In a previous blog on Critical Fundraising, I’ve discussed whether fundraisers have a duty to ask for a gift. The underlying presumption is that there is such a duty to the beneficiary, since it is upon their behalf that the fundraiser is asking for donations. This article will unpack that fundamental question of whether such an obligation to beneficiaries exists, and if so, where does it stem?
The Josephson Institute describes the three sources of duties: law, promise, and moral principle. A fundraiser’s duty to their beneficiaries meets all three tests.
First, the law-based moral obligation is contractarian in nature. Typically, a citizen has both a legal and a moral obligation to follow the law. A fundraiser acts on behalf of a charity and that charity has a beneficiary that is missionally defined. A homeless shelter serves a local population, an arts organization serves their community, a service group supports an entity such as veterans, mothers, puppies etc. There are no fundraisers who work on behalf of a generic common good. As such the fundraiser has agreed, contracted as such, to work for a beneficiary group through a charity.
Second, the fundraiser has a trust-based, promissory obligation to the beneficiary of the organization they work for in either a paid or unpaid role. It would be unethical for the fundraiser of a local arts organization to solicit or receive donations for the local food bank. For a barrister, their obligation to their client is paramount, just as a doctor’s obligation to their patient. These obligations trump their obligation to their employer.
“The Josephson Institute describes the three sources of duties: law, promise, and moral principle. A fundraiser’s duty to their beneficiaries meets all three tests.”
However, a client-centred or patient-centred ethical framework in those professions does not eliminate the need to balance against other obligations of the barrister or doctor, such as truth or medical conscience. A barrister is not obligated to lie on behalf of their client, nor is a medical doctor required to prescribe any medication requested by the patient. In the same way that it would be unethical for a barrister to work for both her client and the opposing party, a fundraiser would be violating their ethical duty if they served either their own interest or the interest of anyone other than the beneficiary for whom they are fundraising. This is evident in our codes, where a fundraiser’s sharing of donor information is typically considered unethical because it violates a promise.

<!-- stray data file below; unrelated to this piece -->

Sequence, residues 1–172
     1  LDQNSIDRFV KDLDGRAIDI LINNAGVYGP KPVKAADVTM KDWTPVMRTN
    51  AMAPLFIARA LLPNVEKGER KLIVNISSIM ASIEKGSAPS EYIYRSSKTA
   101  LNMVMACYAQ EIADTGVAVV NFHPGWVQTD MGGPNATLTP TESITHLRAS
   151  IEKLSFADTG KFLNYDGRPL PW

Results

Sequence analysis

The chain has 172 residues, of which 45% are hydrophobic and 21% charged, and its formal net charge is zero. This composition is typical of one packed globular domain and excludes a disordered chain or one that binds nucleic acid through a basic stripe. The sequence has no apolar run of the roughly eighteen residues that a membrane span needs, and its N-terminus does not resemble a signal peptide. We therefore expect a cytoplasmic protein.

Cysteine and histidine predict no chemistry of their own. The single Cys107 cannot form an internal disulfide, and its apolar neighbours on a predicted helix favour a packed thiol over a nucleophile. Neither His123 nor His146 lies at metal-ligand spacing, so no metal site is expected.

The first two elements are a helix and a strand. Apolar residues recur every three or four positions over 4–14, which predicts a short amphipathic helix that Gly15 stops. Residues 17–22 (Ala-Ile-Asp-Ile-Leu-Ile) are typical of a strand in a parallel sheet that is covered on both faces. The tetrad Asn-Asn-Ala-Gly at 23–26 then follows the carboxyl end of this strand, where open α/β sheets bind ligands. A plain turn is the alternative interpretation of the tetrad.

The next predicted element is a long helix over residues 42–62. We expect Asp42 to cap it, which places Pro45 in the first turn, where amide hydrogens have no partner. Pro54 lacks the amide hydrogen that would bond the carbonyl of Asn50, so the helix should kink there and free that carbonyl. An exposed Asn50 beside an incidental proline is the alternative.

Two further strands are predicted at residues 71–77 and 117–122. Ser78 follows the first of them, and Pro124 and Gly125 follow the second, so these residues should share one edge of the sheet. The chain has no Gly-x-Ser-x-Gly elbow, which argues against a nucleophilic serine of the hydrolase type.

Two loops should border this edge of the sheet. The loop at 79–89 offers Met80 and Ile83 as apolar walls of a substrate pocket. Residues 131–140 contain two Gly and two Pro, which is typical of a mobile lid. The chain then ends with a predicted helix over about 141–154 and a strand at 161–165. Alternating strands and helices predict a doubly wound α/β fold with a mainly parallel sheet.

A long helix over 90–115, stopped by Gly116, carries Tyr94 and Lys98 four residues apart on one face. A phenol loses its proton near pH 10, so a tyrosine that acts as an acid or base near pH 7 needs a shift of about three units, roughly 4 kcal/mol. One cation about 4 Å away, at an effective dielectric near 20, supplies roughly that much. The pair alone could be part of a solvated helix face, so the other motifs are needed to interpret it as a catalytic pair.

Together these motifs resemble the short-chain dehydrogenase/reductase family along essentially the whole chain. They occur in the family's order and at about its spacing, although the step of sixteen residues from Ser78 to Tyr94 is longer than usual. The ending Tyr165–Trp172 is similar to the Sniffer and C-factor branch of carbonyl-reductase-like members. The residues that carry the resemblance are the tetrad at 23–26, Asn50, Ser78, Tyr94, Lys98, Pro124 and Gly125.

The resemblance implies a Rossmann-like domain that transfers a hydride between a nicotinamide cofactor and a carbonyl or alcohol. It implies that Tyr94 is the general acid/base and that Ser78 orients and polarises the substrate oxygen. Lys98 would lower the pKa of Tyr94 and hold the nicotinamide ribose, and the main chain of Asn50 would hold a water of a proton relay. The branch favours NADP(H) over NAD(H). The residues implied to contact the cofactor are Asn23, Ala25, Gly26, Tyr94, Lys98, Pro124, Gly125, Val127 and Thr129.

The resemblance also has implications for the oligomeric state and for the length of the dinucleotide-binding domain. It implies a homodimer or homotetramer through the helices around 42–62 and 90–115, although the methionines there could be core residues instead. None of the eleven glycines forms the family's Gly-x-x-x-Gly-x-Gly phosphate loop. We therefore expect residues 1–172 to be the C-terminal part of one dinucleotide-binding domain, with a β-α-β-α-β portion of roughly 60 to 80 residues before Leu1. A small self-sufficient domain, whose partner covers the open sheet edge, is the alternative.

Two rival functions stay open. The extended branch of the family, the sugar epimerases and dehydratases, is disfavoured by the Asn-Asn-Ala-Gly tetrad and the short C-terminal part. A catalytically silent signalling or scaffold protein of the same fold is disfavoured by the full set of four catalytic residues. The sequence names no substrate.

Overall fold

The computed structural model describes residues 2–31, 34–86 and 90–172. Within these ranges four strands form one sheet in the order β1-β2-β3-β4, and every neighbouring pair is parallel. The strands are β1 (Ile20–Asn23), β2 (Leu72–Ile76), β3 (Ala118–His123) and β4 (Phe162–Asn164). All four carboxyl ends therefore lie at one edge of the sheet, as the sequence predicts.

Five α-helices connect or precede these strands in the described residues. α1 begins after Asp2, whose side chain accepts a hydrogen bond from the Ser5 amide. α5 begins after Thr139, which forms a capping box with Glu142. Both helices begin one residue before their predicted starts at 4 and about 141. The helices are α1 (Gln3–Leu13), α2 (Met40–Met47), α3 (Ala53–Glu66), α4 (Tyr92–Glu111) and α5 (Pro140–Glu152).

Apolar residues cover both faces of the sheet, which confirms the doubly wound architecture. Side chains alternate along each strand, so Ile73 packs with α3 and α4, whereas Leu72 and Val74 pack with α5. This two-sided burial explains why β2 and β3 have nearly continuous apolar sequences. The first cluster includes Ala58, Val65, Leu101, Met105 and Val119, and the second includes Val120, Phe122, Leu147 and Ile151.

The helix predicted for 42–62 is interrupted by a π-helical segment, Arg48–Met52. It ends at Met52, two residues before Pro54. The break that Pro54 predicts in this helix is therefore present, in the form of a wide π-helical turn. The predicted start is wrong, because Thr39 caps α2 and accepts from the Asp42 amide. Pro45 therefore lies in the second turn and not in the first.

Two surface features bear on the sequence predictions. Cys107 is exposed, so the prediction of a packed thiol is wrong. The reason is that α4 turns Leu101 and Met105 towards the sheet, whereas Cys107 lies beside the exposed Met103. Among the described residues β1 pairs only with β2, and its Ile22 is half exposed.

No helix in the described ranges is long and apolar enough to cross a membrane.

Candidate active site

Third, the moral principle of a fundraiser’s duty to their beneficiary is based on a duty as an advocate. The fundraiser is appointed by the organization to advocate with the donor on behalf of the beneficiary. The beneficiary has agreed to permit the fundraiser to share their stories, their likeness, and most importantly their needs with those who are potentially willing to support them. By authorizing this use and serving as an advocate, the fundraiser has accepted the responsibility to care for the beneficiary. An institution’s programme participants might not have other advocates, but the existence of other advocates would not obviate this duty.